Lessons from the Fyre
It had been difficult, as a contractor who worked — however unsuccessfully — on making the Fyre Festival a reality, to step back and take account of the mess we were handed, and the one we ultimately couldn’t make right.
But after really trying to take stock, I feel like the failure of Fyre revealed something about the Potemkin Village of our online lives, and how little it takes to reveal what’s behind the facade.
Bolstered by dozens of “influencers” — many of whom had been paid by Fyre — the hype around Fyre created the illusion of something grand. But slapped on top of a weak foundation, there was little substance to support either the lofty dreams of the festival’s founders or the vision they had promised to festival goers.
In a way, the Fyre founders are not much different than the rest of us — we all create images of ourselves on social media that don’t wholly reflect our reality — and that’s what scares me. Part of the image that we create often begins with the way in which we assign value to experiences.
On the surface, it sounds great to value experiences over belongings: If we all did what we loved and didn’t measure ourselves by our accumulation of material things the world would be a better place.
But the way we assign that value has become its own problem, a sort of new consumerism. Rather than living experiences, we consume them: we capture key moments in time to share on social media, and as such take each experience as a possession.
We no longer measure one another by what we have, but instead by what we have done lately (or, at least how well we’ve posted about it) — and this is not much better. Each highly curated post contributes to an avatar of ourselves that often differs from the true lives we lead.
Sort of like Fyre itself.
I can just look back at my Instagram during those April days on Great Exumas, when I was desperately scrambling to secure housing for 150 influencers and 250 staff, to see that to be true. My account was full of pictures of crystal clear waters, beach patios, and sunsets; even though I spent most of my days in front of a computer crunching numbers. It was one of the most stressful times of my life and yet, judging by my posts, my life seemed exotic and tranquil.
To be fair, that’s what I thought it would be at the start of the month when I stepped off the plane onto the white sand beaches of Great Exumas, took in my first view of the classic brochure blue water, and gulped in the salt-laced Caribbean air.
In that moment, all I knew was that whomever was in charge around there had given me an all-expense-paid trip to the Bahamas to sit in the sun and provide my services as a freelance festival consultant.
It didn’t take long to realize that this freelance gig wasn’t going to be the breezy island job that I had thought it would be.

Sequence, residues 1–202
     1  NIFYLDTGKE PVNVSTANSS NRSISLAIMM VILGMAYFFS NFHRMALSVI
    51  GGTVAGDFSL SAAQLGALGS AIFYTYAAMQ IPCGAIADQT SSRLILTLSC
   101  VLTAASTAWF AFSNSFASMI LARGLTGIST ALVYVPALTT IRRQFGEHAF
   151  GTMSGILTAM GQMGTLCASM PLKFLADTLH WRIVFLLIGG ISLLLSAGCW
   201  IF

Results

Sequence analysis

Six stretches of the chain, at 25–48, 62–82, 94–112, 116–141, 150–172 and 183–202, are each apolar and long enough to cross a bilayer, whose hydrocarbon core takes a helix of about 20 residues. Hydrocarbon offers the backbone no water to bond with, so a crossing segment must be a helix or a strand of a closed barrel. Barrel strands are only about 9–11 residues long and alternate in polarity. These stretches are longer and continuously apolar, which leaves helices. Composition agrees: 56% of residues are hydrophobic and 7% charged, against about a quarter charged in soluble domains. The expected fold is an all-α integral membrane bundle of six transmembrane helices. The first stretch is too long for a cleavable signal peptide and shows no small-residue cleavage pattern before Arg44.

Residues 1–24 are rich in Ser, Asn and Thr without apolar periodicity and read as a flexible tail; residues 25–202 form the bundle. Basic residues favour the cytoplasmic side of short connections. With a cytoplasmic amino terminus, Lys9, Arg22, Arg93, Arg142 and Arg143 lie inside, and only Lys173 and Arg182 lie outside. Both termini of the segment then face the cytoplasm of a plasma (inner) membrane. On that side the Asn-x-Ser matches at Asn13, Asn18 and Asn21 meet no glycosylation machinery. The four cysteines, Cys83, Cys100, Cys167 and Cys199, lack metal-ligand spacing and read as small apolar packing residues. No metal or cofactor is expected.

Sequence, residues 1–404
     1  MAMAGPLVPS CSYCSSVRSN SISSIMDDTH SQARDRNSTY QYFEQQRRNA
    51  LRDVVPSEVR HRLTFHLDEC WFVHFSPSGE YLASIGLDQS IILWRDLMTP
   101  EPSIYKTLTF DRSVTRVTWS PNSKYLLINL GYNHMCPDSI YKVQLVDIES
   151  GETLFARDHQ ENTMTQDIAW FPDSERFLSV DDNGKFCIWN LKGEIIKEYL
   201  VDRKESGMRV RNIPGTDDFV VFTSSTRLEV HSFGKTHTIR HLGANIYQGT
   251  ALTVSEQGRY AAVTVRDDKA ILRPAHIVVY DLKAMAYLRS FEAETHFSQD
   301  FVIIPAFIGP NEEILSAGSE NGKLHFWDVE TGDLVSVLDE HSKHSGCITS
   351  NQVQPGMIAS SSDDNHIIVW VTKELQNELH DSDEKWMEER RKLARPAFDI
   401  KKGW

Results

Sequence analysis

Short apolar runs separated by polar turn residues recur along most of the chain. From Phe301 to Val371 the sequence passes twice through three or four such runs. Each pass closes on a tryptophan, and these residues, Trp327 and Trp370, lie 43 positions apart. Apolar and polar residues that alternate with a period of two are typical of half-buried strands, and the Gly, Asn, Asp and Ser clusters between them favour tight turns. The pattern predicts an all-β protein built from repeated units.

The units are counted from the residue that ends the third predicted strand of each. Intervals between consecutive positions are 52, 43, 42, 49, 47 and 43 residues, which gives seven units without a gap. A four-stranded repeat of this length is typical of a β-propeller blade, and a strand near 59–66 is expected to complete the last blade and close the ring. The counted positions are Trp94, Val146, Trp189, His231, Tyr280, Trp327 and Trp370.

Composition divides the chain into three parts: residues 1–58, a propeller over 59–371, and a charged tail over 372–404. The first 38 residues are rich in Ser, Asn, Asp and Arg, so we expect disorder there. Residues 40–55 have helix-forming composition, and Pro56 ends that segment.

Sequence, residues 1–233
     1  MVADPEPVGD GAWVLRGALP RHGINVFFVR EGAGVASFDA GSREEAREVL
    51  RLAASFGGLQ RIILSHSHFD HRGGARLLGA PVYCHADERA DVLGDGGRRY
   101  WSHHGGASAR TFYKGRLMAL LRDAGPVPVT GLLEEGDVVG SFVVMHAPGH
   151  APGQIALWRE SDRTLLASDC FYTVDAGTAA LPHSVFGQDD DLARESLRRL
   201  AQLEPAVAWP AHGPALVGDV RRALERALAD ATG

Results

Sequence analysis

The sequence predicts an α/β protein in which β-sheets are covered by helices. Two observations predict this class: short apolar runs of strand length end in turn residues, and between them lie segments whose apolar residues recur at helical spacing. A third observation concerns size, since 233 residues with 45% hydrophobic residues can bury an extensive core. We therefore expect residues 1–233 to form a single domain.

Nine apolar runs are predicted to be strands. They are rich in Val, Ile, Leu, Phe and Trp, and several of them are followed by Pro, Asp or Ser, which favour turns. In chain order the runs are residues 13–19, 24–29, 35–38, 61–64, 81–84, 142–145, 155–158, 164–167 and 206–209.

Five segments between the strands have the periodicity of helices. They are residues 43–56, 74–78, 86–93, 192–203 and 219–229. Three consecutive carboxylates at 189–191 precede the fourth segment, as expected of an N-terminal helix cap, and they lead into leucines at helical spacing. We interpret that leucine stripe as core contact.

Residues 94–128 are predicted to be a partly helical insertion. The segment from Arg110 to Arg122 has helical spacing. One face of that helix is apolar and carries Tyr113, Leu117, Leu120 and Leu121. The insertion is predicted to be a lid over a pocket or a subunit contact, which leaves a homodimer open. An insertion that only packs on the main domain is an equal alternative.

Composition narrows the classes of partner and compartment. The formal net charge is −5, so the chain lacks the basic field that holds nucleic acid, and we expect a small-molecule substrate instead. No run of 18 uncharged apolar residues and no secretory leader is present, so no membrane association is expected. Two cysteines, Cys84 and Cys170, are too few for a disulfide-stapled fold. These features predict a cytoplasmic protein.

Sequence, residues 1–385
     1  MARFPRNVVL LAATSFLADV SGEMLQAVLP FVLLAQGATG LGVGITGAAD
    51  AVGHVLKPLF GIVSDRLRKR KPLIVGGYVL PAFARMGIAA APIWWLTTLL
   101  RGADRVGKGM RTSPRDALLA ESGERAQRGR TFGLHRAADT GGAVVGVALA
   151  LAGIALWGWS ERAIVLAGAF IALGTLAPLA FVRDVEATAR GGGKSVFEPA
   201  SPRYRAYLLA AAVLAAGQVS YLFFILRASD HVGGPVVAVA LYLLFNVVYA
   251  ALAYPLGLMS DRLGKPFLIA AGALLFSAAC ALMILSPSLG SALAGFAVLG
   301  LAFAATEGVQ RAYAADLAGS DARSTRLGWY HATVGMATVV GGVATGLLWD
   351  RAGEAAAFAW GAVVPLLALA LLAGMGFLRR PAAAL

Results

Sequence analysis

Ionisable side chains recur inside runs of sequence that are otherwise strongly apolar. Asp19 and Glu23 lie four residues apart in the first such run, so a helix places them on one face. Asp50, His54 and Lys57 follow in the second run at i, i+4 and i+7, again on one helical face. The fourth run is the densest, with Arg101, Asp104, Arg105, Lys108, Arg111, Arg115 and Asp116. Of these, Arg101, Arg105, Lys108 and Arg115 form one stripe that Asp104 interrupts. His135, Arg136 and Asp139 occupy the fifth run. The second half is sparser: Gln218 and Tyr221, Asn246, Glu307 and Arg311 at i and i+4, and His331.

My job, it turned out, was to find off-site housing for staff, influencers, other VIPs, and fast. The 400 I was told I had to find would’ve been difficult enough in less than 3 weeks, but a pattern emerged working on Fyre: things were never what they seemed. Soon I discovered that I actually had to find housing for 1,100 people, including 350 guests who had paid for “lodge packages” that Fyre would not be able to accommodate. There weren’t close to enough available houses on the island, so we found a cruise ship — but that still didn’t solve the problem.
Eventually, I came to realize that we weren’t just talking about people having fun at the festival in our planning meetings, we were talking about people’s safety and whether or not they’d have shelter. That was brushed off as an insignificant problem — just one of many other issues brought to management’s attention — and left unresolved. To admit a lack of adequate accommodations would have tarnished the perfect image that Fyre’s founders wanted to create and in the end, like the facade of a poorly-constructed house, it all crumbled.
I’ve worked in festivals since 2012 and in terms of on-paper failures, this was bad but definitely not the worst I’ve ever seen. But the failure of Fyre caused a knee-jerk reaction that was both swift and communal.
It felt like people enjoyed watching the facade crumble, liked seeing the banal and grubby reality behind the beautiful Instagram pictures posted by these influencers. With all the Schadenfreude, I began to wonder who they’d been influencing in the first place, and whether all they’d been promoting was envy.
Over the last few months, I’ve often reflected on what could have saved Fyre and I keep coming back to one word: honesty.
Had the founders communicated truthfully with their fans, articulating the struggles they faced along the way and the reality of what would they could deliver versus that which they promised, they could have averted disaster. The potential for a once-in-a-lifetime experience was still there — had they better managed the number of guests or at worst agreed to move the date. Yes, the event would have been far from perfect, but that imperfection is also a reflection of life in general.
But the founders seemingly wanted to keep the reality of the situation at bay for as long as possible, to keep basking in the vision of what could be, the vision they sold to attendees, rather than admitting to something less perfect and less perfectly Instagrammable.
If we apply this honesty to our own social media feeds, we could start building a foundation of truth. Life may not always be a day spent on a magnificent beach; a perfectly composed plate at a pricey restaurant; or a meticulously planned photo of one of the seven wonders of the world. But, if we embrace reality, at the very least it won’t be disastrous when people discover that we aren’t what we seem — and the best moments will taste less like a cold cheese sandwich, and more like a Stephen Starr culinary masterpiece.